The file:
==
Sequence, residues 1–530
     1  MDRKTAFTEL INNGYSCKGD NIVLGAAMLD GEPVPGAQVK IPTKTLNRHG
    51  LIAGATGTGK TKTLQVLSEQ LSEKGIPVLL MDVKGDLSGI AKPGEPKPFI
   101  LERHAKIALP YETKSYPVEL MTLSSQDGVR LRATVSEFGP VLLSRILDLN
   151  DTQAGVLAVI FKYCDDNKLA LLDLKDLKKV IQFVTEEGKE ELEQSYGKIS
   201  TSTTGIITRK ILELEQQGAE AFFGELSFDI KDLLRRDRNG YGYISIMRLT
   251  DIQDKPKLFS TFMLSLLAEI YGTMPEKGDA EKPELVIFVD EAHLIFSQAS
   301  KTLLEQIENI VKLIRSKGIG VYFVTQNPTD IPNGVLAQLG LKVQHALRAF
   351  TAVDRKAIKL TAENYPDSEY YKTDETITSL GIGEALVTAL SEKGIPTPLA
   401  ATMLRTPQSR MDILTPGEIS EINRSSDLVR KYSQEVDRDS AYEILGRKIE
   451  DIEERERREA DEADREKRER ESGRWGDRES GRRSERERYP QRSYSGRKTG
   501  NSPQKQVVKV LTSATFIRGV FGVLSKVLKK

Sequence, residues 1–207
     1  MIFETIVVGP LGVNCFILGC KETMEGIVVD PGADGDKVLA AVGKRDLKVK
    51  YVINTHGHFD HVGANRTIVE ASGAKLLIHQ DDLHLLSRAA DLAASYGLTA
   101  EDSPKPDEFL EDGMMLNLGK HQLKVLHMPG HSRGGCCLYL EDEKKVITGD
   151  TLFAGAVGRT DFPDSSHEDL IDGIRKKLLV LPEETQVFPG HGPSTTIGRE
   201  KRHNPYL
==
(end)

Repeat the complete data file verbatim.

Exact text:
Sequence, residues 1–530
     1  MDRKTAFTEL INNGYSCKGD NIVLGAAMLD GEPVPGAQVK IPTKTLNRHG
    51  LIAGATGTGK TKTLQVLSEQ LSEKGIPVLL MDVKGDLSGI AKPGEPKPFI
   101  LERHAKIALP YETKSYPVEL MTLSSQDGVR LRATVSEFGP VLLSRILDLN
   151  DTQAGVLAVI FKYCDDNKLA LLDLKDLKKV IQFVTEEGKE ELEQSYGKIS
   201  TSTTGIITRK ILELEQQGAE AFFGELSFDI KDLLRRDRNG YGYISIMRLT
   251  DIQDKPKLFS TFMLSLLAEI YGTMPEKGDA EKPELVIFVD EAHLIFSQAS
   301  KTLLEQIENI VKLIRSKGIG VYFVTQNPTD IPNGVLAQLG LKVQHALRAF
   351  TAVDRKAIKL TAENYPDSEY YKTDETITSL GIGEALVTAL SEKGIPTPLA
   401  ATMLRTPQSR MDILTPGEIS EINRSSDLVR KYSQEVDRDS AYEILGRKIE
   451  DIEERERREA DEADREKRER ESGRWGDRES GRRSERERYP QRSYSGRKTG
   501  NSPQKQVVKV LTSATFIRGV FGVLSKVLKK

Sequence, residues 1–207
     1  MIFETIVVGP LGVNCFILGC KETMEGIVVD PGADGDKVLA AVGKRDLKVK
    51  YVINTHGHFD HVGANRTIVE ASGAKLLIHQ DDLHLLSRAA DLAASYGLTA
   101  EDSPKPDEFL EDGMMLNLGK HQLKVLHMPG HSRGGCCLYL EDEKKVITGD
   151  TLFAGAVGRT DFPDSSHEDL IDGIRKKLLV LPEETQVFPG HGPSTTIGRE
   201  KRHNPYL